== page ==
Scapula (AP view)
The scapula AP view is a specialized projection of the scapular bone, performed in conjunction with the lateral scapular view. This projection can be performed erect or supine, involving 90-degree abduction of the affected arm.
This view is rarely requested due to the accessibility of CT and the ability to inspect the scapula on shoulder radiographs. However, it can be requested and performed for the 'better look' at the scapula if there is a suspected fracture or lesion.
- the patient is preferably erect however this can be performed supine
- the midcoronal plane of the patient is parallel to the image receptor, in other words, the patient's back is against the image receptor
- scapula of the affected side is at the center of the image receptor
- affected sides arm is abducted with the hand in supination, this action will 'pull' the scapula away from ribs
- the patient is slightly rotated 5°, therefore, the body of the scapula is laying parallel with the image receptor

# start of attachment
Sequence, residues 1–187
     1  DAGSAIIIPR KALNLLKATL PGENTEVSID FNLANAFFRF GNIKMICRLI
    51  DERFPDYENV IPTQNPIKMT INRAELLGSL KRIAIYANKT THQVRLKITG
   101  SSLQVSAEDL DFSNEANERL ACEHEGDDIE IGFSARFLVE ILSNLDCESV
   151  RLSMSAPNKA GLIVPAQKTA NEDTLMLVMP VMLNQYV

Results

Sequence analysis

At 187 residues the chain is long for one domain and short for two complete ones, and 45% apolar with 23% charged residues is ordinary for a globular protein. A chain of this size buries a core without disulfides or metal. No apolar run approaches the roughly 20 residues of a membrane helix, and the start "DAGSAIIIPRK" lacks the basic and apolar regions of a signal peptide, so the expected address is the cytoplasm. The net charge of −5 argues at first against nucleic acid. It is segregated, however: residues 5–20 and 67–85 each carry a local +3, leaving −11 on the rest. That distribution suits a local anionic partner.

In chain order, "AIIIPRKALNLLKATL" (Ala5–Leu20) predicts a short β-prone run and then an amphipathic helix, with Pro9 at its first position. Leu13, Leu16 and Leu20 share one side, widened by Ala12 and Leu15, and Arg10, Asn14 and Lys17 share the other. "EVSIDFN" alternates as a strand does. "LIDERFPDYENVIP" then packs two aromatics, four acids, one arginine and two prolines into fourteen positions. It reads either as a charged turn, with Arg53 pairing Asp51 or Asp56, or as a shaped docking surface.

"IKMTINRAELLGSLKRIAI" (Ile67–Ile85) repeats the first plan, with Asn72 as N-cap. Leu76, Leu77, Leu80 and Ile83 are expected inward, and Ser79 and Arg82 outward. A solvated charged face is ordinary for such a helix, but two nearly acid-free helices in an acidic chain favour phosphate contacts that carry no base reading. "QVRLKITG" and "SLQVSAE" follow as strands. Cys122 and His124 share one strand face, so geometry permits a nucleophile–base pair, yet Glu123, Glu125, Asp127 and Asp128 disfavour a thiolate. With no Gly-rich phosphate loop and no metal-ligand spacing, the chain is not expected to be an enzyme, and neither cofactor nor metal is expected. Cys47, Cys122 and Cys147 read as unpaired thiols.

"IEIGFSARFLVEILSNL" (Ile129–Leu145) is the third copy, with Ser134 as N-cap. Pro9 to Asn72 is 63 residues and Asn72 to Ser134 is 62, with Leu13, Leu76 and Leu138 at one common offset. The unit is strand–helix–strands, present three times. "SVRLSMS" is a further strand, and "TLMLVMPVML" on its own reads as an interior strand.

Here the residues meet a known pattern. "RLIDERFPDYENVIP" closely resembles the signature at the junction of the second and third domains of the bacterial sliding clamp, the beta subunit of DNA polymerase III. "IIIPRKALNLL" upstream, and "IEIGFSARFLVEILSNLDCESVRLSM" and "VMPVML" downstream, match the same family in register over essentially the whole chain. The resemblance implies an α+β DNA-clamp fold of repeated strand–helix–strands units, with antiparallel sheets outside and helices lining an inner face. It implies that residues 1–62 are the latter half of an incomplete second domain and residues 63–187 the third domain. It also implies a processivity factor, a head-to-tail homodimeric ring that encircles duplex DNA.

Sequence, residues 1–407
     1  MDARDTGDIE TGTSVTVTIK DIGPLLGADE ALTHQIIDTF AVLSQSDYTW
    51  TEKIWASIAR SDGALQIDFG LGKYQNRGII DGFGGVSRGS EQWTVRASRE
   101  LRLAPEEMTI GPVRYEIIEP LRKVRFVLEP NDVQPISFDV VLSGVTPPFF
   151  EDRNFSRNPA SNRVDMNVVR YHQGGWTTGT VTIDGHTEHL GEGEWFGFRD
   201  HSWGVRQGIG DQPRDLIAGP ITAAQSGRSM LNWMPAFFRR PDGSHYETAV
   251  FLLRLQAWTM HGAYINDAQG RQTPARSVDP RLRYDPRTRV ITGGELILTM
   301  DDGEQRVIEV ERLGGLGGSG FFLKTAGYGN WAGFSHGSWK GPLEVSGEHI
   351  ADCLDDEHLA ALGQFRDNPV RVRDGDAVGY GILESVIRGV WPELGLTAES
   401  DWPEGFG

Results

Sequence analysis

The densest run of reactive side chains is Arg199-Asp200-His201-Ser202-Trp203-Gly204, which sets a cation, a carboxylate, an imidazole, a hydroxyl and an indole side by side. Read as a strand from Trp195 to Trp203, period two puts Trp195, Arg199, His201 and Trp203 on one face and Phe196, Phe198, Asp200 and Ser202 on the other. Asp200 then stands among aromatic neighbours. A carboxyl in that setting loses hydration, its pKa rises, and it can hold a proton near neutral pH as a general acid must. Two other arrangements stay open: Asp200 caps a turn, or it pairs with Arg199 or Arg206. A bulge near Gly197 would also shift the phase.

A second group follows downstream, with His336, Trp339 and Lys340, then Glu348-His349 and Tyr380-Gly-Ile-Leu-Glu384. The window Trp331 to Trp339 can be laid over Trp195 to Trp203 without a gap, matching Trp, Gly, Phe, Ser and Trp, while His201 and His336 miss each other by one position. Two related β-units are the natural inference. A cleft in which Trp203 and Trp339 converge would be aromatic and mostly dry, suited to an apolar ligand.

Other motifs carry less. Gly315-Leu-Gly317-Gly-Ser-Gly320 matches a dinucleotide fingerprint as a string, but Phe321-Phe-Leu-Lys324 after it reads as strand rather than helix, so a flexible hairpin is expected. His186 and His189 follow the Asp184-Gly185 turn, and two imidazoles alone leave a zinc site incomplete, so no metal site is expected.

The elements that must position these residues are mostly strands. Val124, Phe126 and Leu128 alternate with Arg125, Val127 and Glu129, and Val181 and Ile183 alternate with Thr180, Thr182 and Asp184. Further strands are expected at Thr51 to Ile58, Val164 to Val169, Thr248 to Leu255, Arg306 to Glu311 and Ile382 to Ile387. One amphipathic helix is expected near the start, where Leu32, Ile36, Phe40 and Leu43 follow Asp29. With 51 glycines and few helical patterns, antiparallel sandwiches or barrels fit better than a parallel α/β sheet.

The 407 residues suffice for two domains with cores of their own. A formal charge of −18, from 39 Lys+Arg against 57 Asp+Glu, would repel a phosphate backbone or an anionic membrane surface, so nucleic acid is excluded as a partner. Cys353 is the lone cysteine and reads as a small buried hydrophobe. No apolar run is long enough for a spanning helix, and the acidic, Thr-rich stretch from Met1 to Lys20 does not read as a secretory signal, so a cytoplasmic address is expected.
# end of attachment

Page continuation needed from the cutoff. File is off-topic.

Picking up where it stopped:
- anteroposterior projection
- centering point
- 5 cm inferior to the coracoid process
- superior to the skin margins
- inferior to include the inferior margin of the scapula
- lateral to include the skin margin
- medial to include 1/2 of the clavicle
- detector size
- 24 cm x 30 cm
- 60-70 kVp
- 10-18 mAs (with 3 seconds breathing see mAs for more details)
- a breathing technique is the most effective way to perform this projection
- 100 cm
- yes (this can vary departmentally)
Image technical evaluation
- the scapula should be clearly visualized, free from any motion blur
- the medial border is superimposed by the ribs
- the lateral border should be free from any superimposition
- no foreshortening of the scapular body (as per the patient rotation discussed in the positioning)
A rarely performed projection, however, valuable to be aware of in the setting of trauma without a CT scanner. Patients may not be able to fully abduct their arm due to pain, this is something that should be taken into consideration when setting up the patient (abduct the arm last!).
The breathing technique is important in this protection to blur out thoracic structures whilst maintaining a sharp image of the scapula.